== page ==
You are not connected...
Connection to the site
Language : english

DirectStorage: Microsoft finally deploys storage technology on Windows 11

Written by Guillaume
Publication date: {{ dayjs(1647882039*1000).local().format("L").toString()}}
This article is an automatic translation

A technique for accessing stored data that Microsoft has been promising us for two years and that should finally land on our PCs.

At the launch of its new home console, the Xbox Series X, Microsoft presented a new technology designed to considerably reduce the loading time of certain data while relieving the load on the main processor. A technique that should be particularly useful in video games, where the amount of data to be loaded has increased considerably in recent years, particularly due to the use of textures in very high definition to exploit the 1,440p and, even more, the 2,160p (or 4K).

On Xbox Series X, the technique has been in place since the console's release. However, as early as mid-2020, Microsoft explained that Windows PCs would benefit from it " quite quickly ". Called DirectStorage, the thing was however slow to materialize and while it should concern Windows 10, it finally branched off to the only Windows 11 available for a few months now, but it was still waiting. As Microsoft explained ina blog post, DirectStorage is now available.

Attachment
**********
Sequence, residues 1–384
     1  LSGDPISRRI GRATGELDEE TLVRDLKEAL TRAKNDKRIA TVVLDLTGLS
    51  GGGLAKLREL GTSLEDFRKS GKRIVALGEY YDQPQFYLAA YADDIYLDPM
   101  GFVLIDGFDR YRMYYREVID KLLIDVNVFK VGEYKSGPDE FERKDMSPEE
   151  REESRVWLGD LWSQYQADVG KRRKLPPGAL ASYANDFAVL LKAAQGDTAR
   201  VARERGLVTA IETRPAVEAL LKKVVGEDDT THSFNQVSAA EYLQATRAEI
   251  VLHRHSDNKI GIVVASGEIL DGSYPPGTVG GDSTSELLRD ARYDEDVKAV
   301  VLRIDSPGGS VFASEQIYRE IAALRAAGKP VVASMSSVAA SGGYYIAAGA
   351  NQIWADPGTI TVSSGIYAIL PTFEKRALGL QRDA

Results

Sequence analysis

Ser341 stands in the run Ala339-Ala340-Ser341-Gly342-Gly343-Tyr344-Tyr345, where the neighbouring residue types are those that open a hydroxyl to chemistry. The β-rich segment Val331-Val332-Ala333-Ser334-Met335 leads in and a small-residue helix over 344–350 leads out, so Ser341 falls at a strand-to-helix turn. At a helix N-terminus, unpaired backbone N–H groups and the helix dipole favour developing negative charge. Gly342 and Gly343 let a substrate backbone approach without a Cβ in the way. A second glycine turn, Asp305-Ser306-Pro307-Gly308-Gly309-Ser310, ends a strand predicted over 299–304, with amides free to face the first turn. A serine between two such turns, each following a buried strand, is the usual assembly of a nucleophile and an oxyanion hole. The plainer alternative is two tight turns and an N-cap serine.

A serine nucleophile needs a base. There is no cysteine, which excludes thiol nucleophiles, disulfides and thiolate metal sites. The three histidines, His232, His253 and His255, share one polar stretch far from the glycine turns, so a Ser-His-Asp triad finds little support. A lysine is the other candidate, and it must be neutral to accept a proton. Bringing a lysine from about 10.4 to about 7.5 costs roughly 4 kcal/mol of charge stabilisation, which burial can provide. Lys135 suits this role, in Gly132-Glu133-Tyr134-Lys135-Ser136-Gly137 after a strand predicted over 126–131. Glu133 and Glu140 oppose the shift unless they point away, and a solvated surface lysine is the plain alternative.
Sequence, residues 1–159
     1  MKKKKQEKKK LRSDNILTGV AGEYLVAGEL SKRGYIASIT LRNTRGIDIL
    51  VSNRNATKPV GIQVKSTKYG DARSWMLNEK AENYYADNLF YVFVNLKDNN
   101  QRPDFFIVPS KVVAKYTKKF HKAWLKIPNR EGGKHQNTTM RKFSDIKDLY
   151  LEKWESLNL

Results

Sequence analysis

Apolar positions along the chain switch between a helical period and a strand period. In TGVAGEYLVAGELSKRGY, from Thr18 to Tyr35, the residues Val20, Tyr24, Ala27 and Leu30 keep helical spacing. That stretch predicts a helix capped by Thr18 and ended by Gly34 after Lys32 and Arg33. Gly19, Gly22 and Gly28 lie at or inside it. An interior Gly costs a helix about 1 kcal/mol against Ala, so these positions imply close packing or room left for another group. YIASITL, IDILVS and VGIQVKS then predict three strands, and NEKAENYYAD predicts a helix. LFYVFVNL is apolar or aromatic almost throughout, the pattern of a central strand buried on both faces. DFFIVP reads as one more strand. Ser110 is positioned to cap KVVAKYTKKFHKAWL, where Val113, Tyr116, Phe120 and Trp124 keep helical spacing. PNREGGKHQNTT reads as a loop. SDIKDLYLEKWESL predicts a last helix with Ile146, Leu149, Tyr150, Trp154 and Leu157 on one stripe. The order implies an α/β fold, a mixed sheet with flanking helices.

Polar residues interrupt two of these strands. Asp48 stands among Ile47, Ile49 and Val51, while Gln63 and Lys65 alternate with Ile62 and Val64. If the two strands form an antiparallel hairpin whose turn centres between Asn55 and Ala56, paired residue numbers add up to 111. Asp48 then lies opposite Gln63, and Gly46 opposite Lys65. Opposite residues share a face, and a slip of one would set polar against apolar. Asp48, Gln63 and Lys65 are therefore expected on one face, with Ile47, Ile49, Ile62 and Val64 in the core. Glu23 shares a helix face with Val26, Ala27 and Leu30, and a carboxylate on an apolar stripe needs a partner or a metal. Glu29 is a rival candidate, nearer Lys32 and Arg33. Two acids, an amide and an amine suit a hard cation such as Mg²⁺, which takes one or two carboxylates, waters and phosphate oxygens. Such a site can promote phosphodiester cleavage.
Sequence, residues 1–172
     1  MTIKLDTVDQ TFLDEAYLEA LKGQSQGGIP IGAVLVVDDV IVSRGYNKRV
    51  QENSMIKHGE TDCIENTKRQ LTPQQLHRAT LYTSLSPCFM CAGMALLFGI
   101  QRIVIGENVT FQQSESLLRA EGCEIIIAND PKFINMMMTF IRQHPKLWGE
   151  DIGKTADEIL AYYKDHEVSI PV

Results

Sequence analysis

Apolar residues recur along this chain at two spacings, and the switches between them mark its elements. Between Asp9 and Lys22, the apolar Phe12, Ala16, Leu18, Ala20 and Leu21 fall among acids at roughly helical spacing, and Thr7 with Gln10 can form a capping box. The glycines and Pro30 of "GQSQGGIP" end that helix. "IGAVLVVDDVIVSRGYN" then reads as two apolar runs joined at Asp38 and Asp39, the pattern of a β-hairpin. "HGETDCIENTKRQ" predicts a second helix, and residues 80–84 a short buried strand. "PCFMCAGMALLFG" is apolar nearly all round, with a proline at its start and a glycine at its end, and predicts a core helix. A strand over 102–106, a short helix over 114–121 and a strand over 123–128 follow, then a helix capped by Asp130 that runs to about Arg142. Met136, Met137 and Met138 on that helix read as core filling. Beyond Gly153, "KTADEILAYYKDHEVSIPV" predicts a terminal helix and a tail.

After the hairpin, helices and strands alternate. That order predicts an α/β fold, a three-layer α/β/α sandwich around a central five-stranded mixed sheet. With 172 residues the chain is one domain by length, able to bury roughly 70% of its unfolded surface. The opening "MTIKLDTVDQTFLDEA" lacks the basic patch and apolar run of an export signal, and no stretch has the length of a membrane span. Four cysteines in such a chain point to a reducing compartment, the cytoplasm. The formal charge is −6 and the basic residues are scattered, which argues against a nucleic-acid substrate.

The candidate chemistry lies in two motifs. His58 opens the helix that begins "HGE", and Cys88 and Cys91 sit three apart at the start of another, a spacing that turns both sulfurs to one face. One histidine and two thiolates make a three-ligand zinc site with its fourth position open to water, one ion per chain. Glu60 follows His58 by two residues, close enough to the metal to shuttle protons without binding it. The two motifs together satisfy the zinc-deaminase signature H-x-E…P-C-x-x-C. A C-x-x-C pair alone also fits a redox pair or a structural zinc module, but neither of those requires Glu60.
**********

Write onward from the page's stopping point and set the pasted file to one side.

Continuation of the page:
The idea behind DirectStorage is to make the data of a game more directly accessible to the graphics card and its GPU. To do this, it is a matter of "short-circuiting" the CPU so that the communication between the SSD storing the data and the GPU processing it can interact directly. As you can see on the illustrations above, without DirectStorage, Windows is obliged to pass the data from the SSD to the RAM where the CPU comes to carry out the decompression before the GPU can really use it.

In contrast, with DirectStorage, things are done with fewer intermediaries. The data stored on the SSD is always taken to RAM and then to video memory. There the GPU can access it to perform all the necessary tasks without the CPU having any "say" in the matter. Of course, fewer intermediaries means faster processing of information. On a PC, to take advantage of this solution, you will need DirectX 12 and an SSD. In its blog post, Microsoft confirms that, finally, the technique is not limited to Windows 11 alone - Windows 10 is therefore also concerned - and that the once indispensable PCI Gen 3 NVMe SSD is no longer a sine qua non: a SATA SSD could also work, but we imagine that this will have an impact on performance.

However, one should not be in too much of a hurry yet on PC. Indeed, in its article, Microsoft states that DirectStorage is available, but it explains it " for developers ". In other words, this means that developers will now be able to integrate it into their productions, which will obviously take some time to master all its subtleties. Only then will we be able to take advantage of it in games developed to use DirectStorage, which means that we can't expect to see the first fruits before the end of the year at best.